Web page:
Secret Australian Government Documents Found In Cabinets From Secondhand Store

The furniture contained thousands of secret pages.
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Australia’s national broadcaster has obtained secret government documents relating to national security, immigration, welfare, communications and controversial racial discrimination laws after someone purchased two government filing cabinets at a secondhand store.

The Australian Broadcasting Corp. made the revelation on Wednesday after reporting for several days on secret government decisions and discussions that took place between 2013 and 2014. The broadcaster disclosed the former immigration minister’s plan to delay security checks on refugees so they would miss the deadline to apply for residency in Australia, as well as former Prime Minister Tony Abbott’s plan to ban anyone under 30 from accessing welfare payments.

Fellow journalists and political insiders had theorized about whether a source inside the government had leaked the stories, but on Wednesday, the ABC revealed a far less scandalous source: two filing cabinets from a secondhand shop in Canberra that contained hundreds of top-secret government documents.

“They were purchased for small change and sat unopened for some months until the locks were attacked with a drill. Inside was the trove of documents now known as The Cabinet Files,” the ABC reported.

“The thousands of pages reveal the inner workings of five separate governments and span nearly a decade. Nearly all the files are classified, some as ‘top secret’ or ‘AUSTEO,’ which means they are to be seen by Australian eyes only.”

“But the ex-government furniture sale was not limited to Australians — anyone could make a purchase. And had they been inclined, there was nothing stopping them handing the contents to a foreign agent or government.”

The ABC did not say who purchased the cabinets or explain how it came to possess the documents, but the story sent shockwaves through Canberra, with many poking fun at the decidedly lo-fi way the broadcaster obtained the papers. Others were startled that such classified material would be discarded so frivolously.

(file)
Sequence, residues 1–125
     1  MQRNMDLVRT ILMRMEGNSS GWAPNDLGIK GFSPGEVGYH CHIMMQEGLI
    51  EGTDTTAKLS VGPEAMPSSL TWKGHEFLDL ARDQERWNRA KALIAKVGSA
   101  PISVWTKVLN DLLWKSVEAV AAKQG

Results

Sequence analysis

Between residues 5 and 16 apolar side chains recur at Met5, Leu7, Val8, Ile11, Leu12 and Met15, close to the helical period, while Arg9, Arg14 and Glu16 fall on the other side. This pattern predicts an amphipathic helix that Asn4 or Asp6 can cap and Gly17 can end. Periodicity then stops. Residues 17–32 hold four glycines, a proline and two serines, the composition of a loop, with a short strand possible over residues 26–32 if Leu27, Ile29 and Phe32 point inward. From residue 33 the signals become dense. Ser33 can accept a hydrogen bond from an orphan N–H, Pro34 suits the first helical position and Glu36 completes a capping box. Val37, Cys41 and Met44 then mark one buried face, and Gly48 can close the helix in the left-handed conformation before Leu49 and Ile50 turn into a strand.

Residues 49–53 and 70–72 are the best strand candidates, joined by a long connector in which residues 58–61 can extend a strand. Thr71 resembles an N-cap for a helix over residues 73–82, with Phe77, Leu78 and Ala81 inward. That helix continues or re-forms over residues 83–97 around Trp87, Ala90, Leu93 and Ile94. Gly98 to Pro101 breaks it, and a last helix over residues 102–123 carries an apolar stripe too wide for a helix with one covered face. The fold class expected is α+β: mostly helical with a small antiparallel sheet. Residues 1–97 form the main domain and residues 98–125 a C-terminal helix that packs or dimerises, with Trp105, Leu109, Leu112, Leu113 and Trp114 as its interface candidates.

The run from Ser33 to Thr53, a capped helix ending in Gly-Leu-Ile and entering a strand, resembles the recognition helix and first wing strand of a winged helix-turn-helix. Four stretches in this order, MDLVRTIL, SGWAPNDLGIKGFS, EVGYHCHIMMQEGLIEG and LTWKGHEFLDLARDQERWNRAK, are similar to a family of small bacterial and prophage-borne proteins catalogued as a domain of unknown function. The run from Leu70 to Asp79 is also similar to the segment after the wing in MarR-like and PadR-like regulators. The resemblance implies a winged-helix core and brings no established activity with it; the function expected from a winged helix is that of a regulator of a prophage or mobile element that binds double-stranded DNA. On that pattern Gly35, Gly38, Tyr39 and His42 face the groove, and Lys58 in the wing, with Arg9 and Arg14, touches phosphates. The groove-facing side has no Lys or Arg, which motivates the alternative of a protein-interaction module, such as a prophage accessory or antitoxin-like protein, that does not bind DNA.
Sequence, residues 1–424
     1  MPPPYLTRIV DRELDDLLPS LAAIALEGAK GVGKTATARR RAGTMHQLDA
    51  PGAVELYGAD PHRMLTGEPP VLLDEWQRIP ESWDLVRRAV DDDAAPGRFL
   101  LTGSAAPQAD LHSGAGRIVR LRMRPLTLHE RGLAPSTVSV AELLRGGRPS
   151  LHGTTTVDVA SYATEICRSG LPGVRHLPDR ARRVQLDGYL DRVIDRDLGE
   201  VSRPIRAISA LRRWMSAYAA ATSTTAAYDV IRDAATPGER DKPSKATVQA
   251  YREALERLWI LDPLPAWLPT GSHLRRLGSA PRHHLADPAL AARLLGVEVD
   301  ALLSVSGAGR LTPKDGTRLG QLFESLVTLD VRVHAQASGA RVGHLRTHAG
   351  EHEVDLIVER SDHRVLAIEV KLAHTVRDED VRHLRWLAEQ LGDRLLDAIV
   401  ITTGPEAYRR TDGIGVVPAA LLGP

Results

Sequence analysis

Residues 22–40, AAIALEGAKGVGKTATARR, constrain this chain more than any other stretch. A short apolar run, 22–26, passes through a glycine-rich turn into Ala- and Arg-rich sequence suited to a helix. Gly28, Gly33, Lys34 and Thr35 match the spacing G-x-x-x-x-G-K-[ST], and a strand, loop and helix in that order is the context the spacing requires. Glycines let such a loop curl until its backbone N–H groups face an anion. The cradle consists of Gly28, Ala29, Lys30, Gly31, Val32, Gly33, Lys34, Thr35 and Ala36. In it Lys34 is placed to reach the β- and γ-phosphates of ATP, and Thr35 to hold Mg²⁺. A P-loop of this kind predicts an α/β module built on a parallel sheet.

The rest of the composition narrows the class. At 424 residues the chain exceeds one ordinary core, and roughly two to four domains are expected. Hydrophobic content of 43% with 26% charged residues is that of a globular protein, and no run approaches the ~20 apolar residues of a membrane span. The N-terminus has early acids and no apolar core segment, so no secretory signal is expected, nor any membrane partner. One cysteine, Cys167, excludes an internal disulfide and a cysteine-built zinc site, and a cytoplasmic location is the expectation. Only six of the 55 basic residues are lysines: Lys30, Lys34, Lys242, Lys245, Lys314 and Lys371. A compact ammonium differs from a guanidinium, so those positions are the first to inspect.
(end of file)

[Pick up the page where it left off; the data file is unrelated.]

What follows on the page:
Responding to the earlier ABC stories on Tuesday, Australian Prime Minister Malcolm Turnbull commented, “I don’t know how it emerged from the ABC ... I think they have come across someone’s bottom drawer in Canberra.” His quip apparently proved not far off the mark.

On Wednesday, following the ABC’s report about its source, the Department of Prime Minister and Cabinet announced it would conduct an investigation.

Chief among the documents’ revelations is that Australia’s former immigration minister, Scott Morrison — who is currently Australia’s treasurer — authorized his Immigration Department in 2013 to ask domestic security agency ASIO to delay security checks on asylum-seekers after he was told that 700 people had to be granted permanent protection under Australian law.

Morrison asked how this could be avoided, and the Immigration Department suggested it could ask ASIO to delay security checks to prevent 30 extra refugees a week from being cleared to settle in Australia. Morrison signed off on his department’s suggestion, but it’s not known if ASIO complied with the request.

Another startling document shows that the government’s National Security Committee discussed the possibility of altering suspects’ legal right to remain silent under police interrogation.

“I would also like NSC to consider whether amendments should be made to a suspect’s right to remain silent to allow a court to draw adverse inferences in a terrorism trial where an accused relies on evidence which he or she failed to mention when questioned by police,” then-Attorney General Philip Ruddock wrote at the time.